The Echo Canyon Residence is located in on a wedge-shaped lot near Camelback Mountain, one of the city’s iconic natural features.
The house was designed by local firm Kendle Design Collaborative for an empty-nester couple. A key goal for the project was to provide a strong connection to the environment.
In response, the team conceived a series of different-sized volumes positioned around outdoor spaces. Several curved elements soften the otherwise rectilinear appearance of the single-storey dwelling.
Exterior walls are composed of split-face concrete masonry units (CMUs), stucco and large stretches of glass. In terms of both composition and materiality, the home is intended to be a study in layering various opacities.
“Flowing through the house, the play of opacity and transparency heightens the relationship to nature and the mountains while distilling a zen-like quality,” the team said.
The entrance is found on the north side, where the architect placed a garage with glazed doors and a rounded, block wall.
“A curving block wall interspersed with sandblasted-glass panels and a gate conceals a quaint courtyard full of yuccas, agaves, and an ironwood tree that filters dappled light along the walkway up to the house,” the team said.
Encompassing 3,900 square foot (362 square metres), the house is divided into three parts. The public zone is situated in the centre of the home, while bedrooms are found in two adjacent wings.
The foyer leads toward an open-plan living room, kitchen and dining area. Lining one side of the great room is a 14-foot-high (4.2-metre) glazed wall, which offers an expansive view of the surrounding landscape.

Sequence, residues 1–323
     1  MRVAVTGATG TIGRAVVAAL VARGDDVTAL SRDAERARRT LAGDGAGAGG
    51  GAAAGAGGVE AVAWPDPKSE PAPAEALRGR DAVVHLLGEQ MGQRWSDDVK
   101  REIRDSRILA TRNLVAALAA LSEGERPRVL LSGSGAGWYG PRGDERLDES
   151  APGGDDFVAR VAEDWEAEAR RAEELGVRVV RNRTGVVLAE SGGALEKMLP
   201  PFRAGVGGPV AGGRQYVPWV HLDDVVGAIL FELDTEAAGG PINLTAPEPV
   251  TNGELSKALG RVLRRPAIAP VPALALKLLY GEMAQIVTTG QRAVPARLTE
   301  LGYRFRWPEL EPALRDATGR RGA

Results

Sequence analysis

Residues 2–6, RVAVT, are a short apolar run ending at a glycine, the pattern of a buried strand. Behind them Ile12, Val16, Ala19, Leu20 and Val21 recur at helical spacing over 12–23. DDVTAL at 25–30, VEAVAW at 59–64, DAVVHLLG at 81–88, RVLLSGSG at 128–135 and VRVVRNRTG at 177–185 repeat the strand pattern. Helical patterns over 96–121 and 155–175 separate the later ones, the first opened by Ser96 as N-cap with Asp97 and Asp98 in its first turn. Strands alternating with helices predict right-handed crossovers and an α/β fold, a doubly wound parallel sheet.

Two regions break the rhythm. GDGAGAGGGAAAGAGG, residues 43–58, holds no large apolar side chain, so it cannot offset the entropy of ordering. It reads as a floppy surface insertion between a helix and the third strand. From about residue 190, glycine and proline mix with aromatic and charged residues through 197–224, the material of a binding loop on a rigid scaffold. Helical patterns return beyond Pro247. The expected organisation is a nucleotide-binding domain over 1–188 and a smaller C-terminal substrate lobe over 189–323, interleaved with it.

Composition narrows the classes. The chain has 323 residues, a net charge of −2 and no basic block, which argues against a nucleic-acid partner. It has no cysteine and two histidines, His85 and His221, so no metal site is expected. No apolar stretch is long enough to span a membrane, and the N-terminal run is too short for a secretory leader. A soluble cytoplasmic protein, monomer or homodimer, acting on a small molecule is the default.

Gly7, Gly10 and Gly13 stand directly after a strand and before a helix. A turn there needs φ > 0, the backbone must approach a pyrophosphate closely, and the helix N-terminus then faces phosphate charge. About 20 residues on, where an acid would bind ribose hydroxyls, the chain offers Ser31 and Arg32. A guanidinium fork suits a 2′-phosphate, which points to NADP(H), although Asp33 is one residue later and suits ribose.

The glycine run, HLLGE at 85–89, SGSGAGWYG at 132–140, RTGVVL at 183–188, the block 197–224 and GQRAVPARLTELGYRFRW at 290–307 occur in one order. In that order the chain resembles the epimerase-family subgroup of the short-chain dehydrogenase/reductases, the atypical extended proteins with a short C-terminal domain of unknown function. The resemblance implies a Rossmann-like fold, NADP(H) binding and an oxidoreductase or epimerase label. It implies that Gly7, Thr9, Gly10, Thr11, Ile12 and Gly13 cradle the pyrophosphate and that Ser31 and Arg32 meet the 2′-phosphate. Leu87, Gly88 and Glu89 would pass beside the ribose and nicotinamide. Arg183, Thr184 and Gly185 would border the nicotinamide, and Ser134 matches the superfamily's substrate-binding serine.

A continuous stretch of Douglas fir clads the public zone’s ceiling and an adjacent roof eave, helping unify the interior and exterior spaces.
An earthy colour palette was used for finishes and decor, which includes tan floor tiles and walnut kitchen cabinetry. A fireplace is set within a broad surround made of porcelain tile with a metallic finish.
Above the hearth is a slender skylight, which spans the length of the great room. The aperture brings in natural light and introduces interesting shadows throughout the day.
“This unique feature allows for the home to, in a way, tell time,” the architect said. “As the day progresses, the shadows and quality of light within the interior are always evolving.”
The public area merges with a covered terrace, where friends and family can gather and enjoy a clear view of a rock formation called Praying Monk. Overhead, a circular opening in the canopy enables daylight to glide across the patio’s surface.
Beyond the terrace is a yard that provides play space for grandchildren and dogs. It also offers a linear fire pit – a welcomed amenity on a cool, desert night.
Kendle Design Collaborative was founded in 2002 by architect Brent Kendle. Other projects by the studio include the Dancing Light House, which has a dramatic angular roof and walls made of rammed earth and concrete.
The photography is by Kevin Brost.
Architect: Kendle Design Collaborative
Landscape architect: Steve Martino & Associates
General contractor: Gm Hunt Builders & Remodelers
Shading system: Lutron
Windows and doors: Western Window Systems
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